Unhealthy meal deals and multi-buy promotions that include junk food are going to be banned in Wales from next year, officials have announced.
The move aims to improve diets and prevent obesity by restricting foods high in fat, sugar and salt from being included in offers, the Welsh Government said.
Under the sweeping new rules, unhealthy food will no longer be displayed at the end of aisles or other prominent locations in a bid to reduce impulse purchases.
Similar rules, although not for meal deals, were due to come into force in England in October but have been postponed for two years amid sky-high food prices.
Health campaigners say the approach is vital to curb Britain’s bulging waistline, reduce ill health and ease pressure on the NHS, while critics label it a ‘nanny state’ policy.
The move aims to improve diets and prevent obesity by restricting foods high in fat, sugar and salt from being included in offers, the Welsh Government said
The Welsh Government said the new law, which will ‘improve diets and help prevent obesity’, will be introduced in 2024 and rolled out across the country by 2025.
Supermarkets including Tesco, Asda and Sainsbury’s offer meal deals that combine a sandwich, drink and snack for a set price.
The legislation will only target high fat, sugar and salt food and drink that contribute most to obesity. All businesses with more than 50 people will have to comply.
It did not name specific products that restrictions would apply to.
Earlier this year, a study found that only a quarter of the deals have fewer than 600 calories — the Government’s recommendation for lunch — and the worst offender, which was not named, contained 1,329 calories.
Six in 10 adults in England and Wales are above a healthy weight and more than a quarter of children are overweight or obese by the time they start school.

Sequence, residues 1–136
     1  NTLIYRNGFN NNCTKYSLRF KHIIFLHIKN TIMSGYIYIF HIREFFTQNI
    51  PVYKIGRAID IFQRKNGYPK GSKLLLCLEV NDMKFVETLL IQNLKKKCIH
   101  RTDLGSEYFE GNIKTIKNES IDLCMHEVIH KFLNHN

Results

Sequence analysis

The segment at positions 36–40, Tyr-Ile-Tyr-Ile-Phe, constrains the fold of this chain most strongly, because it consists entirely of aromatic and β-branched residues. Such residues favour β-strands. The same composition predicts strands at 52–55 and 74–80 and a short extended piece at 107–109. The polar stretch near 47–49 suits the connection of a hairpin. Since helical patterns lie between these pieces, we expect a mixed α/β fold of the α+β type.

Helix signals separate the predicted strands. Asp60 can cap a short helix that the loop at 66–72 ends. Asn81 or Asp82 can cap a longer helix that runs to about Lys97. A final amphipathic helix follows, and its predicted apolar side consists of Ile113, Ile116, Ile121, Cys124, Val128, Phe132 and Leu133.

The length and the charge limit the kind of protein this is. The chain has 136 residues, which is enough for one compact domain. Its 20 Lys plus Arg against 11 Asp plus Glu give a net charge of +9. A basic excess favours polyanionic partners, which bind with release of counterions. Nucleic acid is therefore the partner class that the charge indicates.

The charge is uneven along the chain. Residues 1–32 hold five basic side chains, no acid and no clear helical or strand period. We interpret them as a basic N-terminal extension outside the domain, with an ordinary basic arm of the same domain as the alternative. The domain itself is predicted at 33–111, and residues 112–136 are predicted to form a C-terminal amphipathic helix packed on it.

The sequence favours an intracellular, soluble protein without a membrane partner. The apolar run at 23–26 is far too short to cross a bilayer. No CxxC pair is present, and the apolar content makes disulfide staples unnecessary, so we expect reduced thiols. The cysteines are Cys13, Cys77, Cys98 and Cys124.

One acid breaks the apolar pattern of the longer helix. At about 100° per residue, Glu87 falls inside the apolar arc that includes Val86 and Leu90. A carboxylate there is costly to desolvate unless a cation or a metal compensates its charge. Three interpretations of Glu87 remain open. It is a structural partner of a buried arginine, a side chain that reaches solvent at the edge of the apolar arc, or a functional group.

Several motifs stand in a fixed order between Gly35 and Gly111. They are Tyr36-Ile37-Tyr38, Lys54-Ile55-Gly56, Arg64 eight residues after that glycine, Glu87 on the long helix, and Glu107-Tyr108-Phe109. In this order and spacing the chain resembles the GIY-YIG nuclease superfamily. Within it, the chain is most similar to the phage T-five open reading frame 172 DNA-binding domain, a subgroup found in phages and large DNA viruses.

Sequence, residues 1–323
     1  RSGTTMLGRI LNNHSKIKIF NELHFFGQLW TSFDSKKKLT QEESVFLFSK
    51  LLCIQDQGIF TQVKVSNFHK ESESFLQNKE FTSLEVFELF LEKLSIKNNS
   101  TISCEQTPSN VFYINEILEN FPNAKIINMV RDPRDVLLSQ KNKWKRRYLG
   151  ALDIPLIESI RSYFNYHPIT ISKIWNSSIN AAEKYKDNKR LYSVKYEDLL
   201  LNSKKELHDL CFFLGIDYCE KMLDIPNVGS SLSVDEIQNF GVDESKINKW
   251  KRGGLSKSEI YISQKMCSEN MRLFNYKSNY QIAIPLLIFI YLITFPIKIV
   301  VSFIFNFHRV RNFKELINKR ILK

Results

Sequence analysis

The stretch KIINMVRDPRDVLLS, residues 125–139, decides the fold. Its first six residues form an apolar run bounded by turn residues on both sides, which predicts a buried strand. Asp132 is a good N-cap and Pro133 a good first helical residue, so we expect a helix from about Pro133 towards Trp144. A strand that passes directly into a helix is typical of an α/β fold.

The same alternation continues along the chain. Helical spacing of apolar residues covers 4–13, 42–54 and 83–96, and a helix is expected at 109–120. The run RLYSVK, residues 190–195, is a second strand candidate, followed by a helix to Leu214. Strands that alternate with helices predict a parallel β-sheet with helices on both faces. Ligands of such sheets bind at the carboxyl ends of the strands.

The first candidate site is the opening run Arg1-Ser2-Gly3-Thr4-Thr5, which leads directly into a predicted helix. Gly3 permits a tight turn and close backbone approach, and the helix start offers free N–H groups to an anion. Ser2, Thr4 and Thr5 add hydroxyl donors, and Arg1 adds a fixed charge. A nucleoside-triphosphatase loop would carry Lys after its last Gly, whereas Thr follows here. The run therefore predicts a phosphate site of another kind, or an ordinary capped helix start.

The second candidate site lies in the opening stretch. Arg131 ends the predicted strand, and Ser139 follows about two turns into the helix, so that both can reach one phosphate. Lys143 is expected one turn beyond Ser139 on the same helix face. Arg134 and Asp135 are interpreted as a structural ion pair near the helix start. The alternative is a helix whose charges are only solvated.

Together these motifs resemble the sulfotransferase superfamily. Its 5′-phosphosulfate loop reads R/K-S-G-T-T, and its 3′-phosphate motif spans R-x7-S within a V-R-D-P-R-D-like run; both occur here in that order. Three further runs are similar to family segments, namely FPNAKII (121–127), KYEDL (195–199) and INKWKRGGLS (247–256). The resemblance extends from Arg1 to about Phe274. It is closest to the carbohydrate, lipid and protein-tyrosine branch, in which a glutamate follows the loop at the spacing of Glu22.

Weighing too much increases the risk of type 2 diabetes, heart disease and some cancers.
A Public Health Wales survey showed strong public support for action to make food healthier, with 57 per cent supporting taxes to reduce sugar in foods and 84 per cent of respondents planning to achieve or maintain a healthy weight in the next year.
The measures will encourage the food and retail industry to consider how healthier options can be made more affordable — such as offering promotions on healthier food or reducing the fat, sugar and salt content of food — so ‘no one is priced out of a healthy diet’, the Government hopes.
Officials are still considering whether other obesity-fighting measures — such as displaying calories on restaurant menus and banning the sale of energy drinks to under-16s — should also be rolled out.
Lynne Neagle, the Deputy Minister for Mental Health and Wellbeing, said the legislation ‘will take forward our commitment to improve diets and help prevent obesity in Wales’.
She said: ‘We will not be banning any product or type of promotion.
‘Our aim is to rebalance our food environments towards healthier products, so that the healthy choice becomes the easy choice.’
Ms Neagle added: ‘Our next generation deserve a different “normal” where healthier foods are more available, affordable and appealing, and high fat, sugar and salt foods are not a core part of our diet. Our current and future generations deserve better.’
Gemma Roberts, co-chair of Obesity Alliance Cymru says: ‘There is an obesity crisis in Wales, and we are pleased to see the Welsh Government proposing legislation which will support the people of Wales to make healthy choices.
‘Price promotions are marketing techniques used to drive sales and increase consumption. They are not free gifts and they do not save us money.
‘We are in the midst of a cost-of-living crisis, and consumers are being bombarded with price promotions which increase spending on the unhealthiest products. Wales needs to shift the balance and support families to make buying fruit and veg easier.’
It comes after Rishi Sunak earlier this month postponed a ban on ‘buy one, get one free’ deals after colleagues condemned the ‘nanny state’ plan.
The Prime Minister said it was not right to press ahead with the plan, part of an obesity crackdown, amid the cost of living crisis.
The policy had already been delayed until October 2023. It has now be extended for a further two years.
Mr Sunak had been facing a revolt over the issue after a government impact assessment found the move would save people three calories a day. Tory MP Philip Davies branded the policy ‘bonkers’.
The PM said: ‘I firmly believe in people’s right to choose – and at a time when household budgets are under continuing pressure from the global rise in food prices, it is not fair for government to restrict the options available to consumers on their weekly shop.
‘It is right that we consider carefully the impact on consumers and businesses, while ensuring we’re striking the balance with our important mission to reduce obesity and help people live healthier lives.’